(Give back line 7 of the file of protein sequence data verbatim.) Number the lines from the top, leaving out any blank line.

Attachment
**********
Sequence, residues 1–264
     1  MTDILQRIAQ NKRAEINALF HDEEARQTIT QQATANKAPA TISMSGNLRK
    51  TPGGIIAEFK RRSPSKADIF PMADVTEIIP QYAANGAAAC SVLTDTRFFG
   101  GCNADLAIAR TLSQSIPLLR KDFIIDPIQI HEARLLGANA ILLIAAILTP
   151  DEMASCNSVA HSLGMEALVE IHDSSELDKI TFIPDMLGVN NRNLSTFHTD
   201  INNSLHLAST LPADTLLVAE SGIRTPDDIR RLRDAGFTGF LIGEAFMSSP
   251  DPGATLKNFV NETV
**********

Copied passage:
   251  DPGATLKNFV NETV